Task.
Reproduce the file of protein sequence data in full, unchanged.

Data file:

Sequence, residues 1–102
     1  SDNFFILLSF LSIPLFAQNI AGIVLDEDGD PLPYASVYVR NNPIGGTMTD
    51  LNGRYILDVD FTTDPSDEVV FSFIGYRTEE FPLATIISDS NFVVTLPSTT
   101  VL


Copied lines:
Sequence, residues 1–102
     1  SDNFFILLSF LSIPLFAQNI AGIVLDEDGD PLPYASVYVR NNPIGGTMTD
    51  LNGRYILDVD FTTDPSDEVV FSFIGYRTEE FPLATIISDS NFVVTLPSTT
   101  VL